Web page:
Here is the price you pay for vandalism.

  • Bushokje (busstop) € 4.500,-
  • Speelhuisje op het schoolplein (playhouse on school playground) € 1.250,-
  • Brievenbus (post box)€ 700,-
  • Ruit (window) € 300,-
  • Rugleuning in de bus (back of a seat in bus) € 55,-
  • Kras op een auto (scratching a car) € 400,-
You've been warned!
Now there's Dutch liberalism for you!

UPDATE 9-5-2006
Seems like there are a lot more assholes in the UK and France.

Weekly roundup: Week 18

Interesting things I read this week:

On Israel’s reliance on US superpower
The announced American ambition is to make the Arab states into democracies and install a liberal order in the region. Israelis, being realists, understand that this is a fantasy.
Israel's personal superpower, William Pfaff

On Iraq today
Two constitutions, two elections and a referendum later, Iraq is reeling toward more chaos, not less.
Votes counted. Deals made. Chaos wins., Dexter Filkins

On reinventing and reforming Islam
[the controversy over the cartoons was] a practical test for Arab countries: a clash between my ideology of dialogue and the ideology of a clash of civilizations”, Amr Khaled
The telegenic face of conservative Islam, Samantha M. Shapiro

Got an idea? Pirates of the Far East will steal it
Google’s self-censorship akin to Germany’s ban on Nazi propaganda website?! You’ve got to be joking!


News from the weekend edition of de Volkskrant

  • A concerned article in the Volkskrant this weekend about the dismantling of the Dutch social-economic system…“Het poldermodel is hard op weg zichzelf overbodig te maken” [The poldermodel is increasingly making itself obselete], Gijs Herderschee, de Volkskrant, het Betoog pg 1, 6 mei 2006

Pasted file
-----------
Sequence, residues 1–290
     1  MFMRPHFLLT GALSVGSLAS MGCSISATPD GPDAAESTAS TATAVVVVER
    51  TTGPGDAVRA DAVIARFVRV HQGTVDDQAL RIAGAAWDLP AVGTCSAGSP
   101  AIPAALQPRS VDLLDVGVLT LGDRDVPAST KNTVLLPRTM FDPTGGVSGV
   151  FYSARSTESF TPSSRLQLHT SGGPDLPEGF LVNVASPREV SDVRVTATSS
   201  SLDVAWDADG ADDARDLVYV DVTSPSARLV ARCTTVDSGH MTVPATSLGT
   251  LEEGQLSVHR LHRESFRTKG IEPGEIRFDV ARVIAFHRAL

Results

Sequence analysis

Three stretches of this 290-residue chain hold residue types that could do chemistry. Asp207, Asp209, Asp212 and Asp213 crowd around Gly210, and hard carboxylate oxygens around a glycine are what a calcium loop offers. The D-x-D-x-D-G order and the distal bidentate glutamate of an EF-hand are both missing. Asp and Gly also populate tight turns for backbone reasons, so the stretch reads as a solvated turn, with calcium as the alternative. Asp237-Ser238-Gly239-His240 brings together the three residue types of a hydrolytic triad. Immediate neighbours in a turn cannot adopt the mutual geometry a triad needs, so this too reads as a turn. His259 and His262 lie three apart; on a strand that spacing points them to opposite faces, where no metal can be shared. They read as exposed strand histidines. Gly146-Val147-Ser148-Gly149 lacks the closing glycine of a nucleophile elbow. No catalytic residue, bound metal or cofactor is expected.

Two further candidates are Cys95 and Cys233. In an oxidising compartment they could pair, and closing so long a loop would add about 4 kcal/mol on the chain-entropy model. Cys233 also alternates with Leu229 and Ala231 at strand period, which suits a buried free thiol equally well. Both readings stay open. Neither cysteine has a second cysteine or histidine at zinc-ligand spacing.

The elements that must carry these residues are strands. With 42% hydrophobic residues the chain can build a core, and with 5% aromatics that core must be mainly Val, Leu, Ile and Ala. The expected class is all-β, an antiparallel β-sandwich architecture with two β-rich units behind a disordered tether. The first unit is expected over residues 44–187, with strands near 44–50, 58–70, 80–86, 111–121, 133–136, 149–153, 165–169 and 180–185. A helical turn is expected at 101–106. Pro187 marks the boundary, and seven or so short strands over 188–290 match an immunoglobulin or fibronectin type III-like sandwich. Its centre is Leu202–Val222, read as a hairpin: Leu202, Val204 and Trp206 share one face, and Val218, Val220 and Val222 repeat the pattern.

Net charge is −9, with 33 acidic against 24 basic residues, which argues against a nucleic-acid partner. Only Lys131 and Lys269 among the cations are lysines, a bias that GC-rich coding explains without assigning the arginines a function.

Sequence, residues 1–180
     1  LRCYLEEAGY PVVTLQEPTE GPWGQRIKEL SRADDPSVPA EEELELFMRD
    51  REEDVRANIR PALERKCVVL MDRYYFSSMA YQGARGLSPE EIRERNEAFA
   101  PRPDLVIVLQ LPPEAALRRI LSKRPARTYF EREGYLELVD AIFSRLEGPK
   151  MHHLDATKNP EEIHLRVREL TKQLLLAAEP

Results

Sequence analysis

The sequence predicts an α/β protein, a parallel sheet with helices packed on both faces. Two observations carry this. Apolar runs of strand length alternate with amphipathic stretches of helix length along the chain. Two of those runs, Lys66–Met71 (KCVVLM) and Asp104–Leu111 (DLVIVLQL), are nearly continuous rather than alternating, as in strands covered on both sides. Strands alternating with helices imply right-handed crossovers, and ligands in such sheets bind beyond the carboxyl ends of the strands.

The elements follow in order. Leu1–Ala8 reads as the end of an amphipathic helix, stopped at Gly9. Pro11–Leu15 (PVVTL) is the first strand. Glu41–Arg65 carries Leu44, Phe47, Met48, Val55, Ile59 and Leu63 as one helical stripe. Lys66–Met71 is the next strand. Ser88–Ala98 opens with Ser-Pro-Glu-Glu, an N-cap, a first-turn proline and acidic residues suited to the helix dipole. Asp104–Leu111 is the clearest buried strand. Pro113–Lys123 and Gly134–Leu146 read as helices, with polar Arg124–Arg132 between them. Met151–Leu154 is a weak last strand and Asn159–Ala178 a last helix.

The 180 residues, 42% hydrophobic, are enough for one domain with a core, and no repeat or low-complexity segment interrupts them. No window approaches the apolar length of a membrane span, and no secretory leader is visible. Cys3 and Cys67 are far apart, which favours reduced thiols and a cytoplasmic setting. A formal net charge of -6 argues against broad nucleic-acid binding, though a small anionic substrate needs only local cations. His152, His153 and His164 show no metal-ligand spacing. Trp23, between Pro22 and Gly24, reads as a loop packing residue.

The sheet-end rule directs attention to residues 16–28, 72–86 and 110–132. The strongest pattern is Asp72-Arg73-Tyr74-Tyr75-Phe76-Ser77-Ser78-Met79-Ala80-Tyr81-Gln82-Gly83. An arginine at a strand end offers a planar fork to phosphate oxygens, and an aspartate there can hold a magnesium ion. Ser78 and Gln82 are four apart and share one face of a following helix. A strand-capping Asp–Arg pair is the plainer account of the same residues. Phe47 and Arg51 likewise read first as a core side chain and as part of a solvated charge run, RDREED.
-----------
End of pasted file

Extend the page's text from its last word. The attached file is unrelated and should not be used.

The “poldermodel”, named after the ingenious system of canals and waterworks which keeps this low-lying country dry and safe, has often been praised as the Dutch economic miracle. It has for many years been the foundation of relatively high growth rates and social stability. Labour organisations that represent both employees and employers reach a consensus about eg income growth, employment benefits, social benefits etc, which in turn is put into action by the government. In theory all actors on the social, and economic fronts give an input and are representated, which is supposed to keep everyone happy.

The main body in charge of negotiating and reaching these social and economic agreements is the Sociaal Economische Raad (SER, Social Economic Council). Representatives from labour unions, of employers as well as the cabinet meet together with independent experts from academic world and elder statespeople to discuss and offer advice about the social-economic and financial policies of the government. For many years, certainly in the decade or so of the previous Purple governments (paarse kabinetten, made up of left-of-the-centre parties) the poldermodel functioned smoothly.

Everyone got what they wanted, and everyone was happy.

But it seems the poldermodel is increasingly becoming impossible to maintain. Instead of social and economic actors driving the socio-economic course of the country, in seems the political wing has taken over control, despite strong criticism and resistance. In October 2004, huge demonstrations broke out when the current cabinet almost completely dismantled the state pension plan. In the name of ‘smoothening’ modernization and achieving higher competitiveness, they argued. Further reasoning is that the population is ‘graying’, so there is a need to make the labour market more flexible to adapt. Hence calls from employers easier hire-and-fire, which has met strong opposition from unions. The fear now, which seems to be increasingly realized, is that the cabinet will have the say in raising the retirement age, in lengthening the number of working hours per week, and the making the eligibility for unemployment benefits more difficult. Whether the previous voices and roles of social and economic actors will be adhered to remains uncertain.